Catholic Principal Departs School Possibly Over Anti-LGBTQ Censorship

Sharon Redmond, center, with Ursuline alumnae

Today’s post features news about two LGBTQ-related disputes happening at Catholic schools in Ohio, including the departure of one principal possibly over anti-LGBTQ censorship concerns.

Principal Departs Catholic School Potentially Over Anti-LGBTQ Censorship

Sharon Redmond, president of Ursuline Academy in Cincinnati, Ohio, is retiring after more than a quarter century at the all-girls Catholic school, reported Cincinnati.com. Though the board denies such claims, there is speculation that Redmond’s departure could be related to the administration’s anti-LGBTQ censorship earlier this semester.

In early May, alumnae of Ursuline Academy launched a petition that gained more than 1,000 signatures as a response to school officials’ decision to pull all copies of the school newspaper’s latest issue because it featured an article titled “LGBT+ Book Master List.” Administrators said at the time that the paper’s content was “overtly sexual” and led to confusion about the school’s values.

But now alumnae have gathered in support of Redmond, releasing an open letter to the board with nearly 800 signatures. Kelly Byrnes Wendling, a 2003 alumna, wrote the letter saying the dismissal of Redmond was a “huge mistake” because she is “an institution” and “the face of the school.” To this point, the board has said Redmond’s departure is not related to the newspaper incident, and they will answer further questions at a later date, according to Cincinnati.com. But alumnae remain concerned and have questions, wrote Byrnes Wendling, because they “just want to know what’s going on.”

Catholic School Files Lawsuit Against Non-Discrimination Law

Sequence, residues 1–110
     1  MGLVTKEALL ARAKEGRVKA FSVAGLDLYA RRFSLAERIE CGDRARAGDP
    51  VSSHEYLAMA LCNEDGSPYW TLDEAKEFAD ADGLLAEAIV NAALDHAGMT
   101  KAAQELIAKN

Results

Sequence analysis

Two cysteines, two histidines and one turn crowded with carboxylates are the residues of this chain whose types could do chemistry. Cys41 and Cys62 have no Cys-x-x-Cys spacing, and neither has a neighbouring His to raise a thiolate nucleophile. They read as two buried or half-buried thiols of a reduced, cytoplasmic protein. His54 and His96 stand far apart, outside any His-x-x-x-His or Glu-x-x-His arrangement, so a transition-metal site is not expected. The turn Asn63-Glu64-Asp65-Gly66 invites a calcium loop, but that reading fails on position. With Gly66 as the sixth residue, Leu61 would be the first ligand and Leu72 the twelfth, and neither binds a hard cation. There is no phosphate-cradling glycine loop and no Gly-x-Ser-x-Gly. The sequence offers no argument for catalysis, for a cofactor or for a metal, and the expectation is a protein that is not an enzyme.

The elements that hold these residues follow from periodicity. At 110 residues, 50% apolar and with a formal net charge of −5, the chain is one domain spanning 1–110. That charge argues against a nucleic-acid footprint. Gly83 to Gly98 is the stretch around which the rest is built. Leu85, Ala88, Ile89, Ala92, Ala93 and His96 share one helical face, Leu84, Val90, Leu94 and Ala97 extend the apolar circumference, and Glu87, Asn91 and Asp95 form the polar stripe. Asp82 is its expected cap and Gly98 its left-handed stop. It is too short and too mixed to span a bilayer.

A Catholic high school in South Euclid, Ohio, has filed a lawsuit against that city over its 2018 non-discrimination law that includes protections for LGBTQ people. The school, named The Lyceum, stated in its federal lawsuit that while the school had not been accused violating the law yet, it likely would do so because of its Catholic beliefs.

This legal case may be interesting because of different claims about what the law actually entails. There is a religious exemption in it for employment, but reported Cleveland.com there are differing perspectives on what the exemption includes:

“A South Euclid official said the ordinance does not cover educational institutions and that religious discrimination is barred by federal law, which trumps any local or state law. But the city’s community services director said language about educational institutions was removed from the law before it passed, and an attorney representing The Lyceum said South Euclid officials deleted a religious exemption from the ordinance before it passed. . .

“The Lyceum has drafted a ‘sexuality policy’ to explain what beliefs are expected of students and staff members, as well as an employment policy. The school’s board of trustees has not formally adopted either, for fear that they will violate the city’s laws, the suit says.”

The Lyceum, which serves just 53 students, is unaffiliated with the Diocese of Cleveland and is being supported legally by the right wing and notoriously anti-LGBTQ Alliance Defending Freedom. In the year since the law’s passage, there have been no complaints of violations filed with the city.

For Bondings 2.0’s full coverage of LGBTQ issues in Catholic education, see the “Schools & Youth” category to the right or click here. For specific information on Catholic higher education, see the “Campus Chronicles” category or click here.

Robert Shine, New Ways Ministry, May 11, 2019

2 replies
  1. Don E Siegal
    Don E Siegal says:

    The Lyceum v The City of South Euclid

    From the complaint: “4. The school draws its students from among those who are willing to submit to the school’s Catholic teaching and conduct standards.” This point completely ignores the primacy of conscience teaching of the Church.

    From a legal point of view, The Lyceum probably lacks standing to bring an action of unconstitutionally because it has not experienced a concrete harm or “imminent” harm. The case is likely to be dismissed on that basis. The case for standing is so weak that the ADF lawyers did not even address why the Lyceum has standing to bring the suit in the complaint.

    The complaint can be found here.

    Reply

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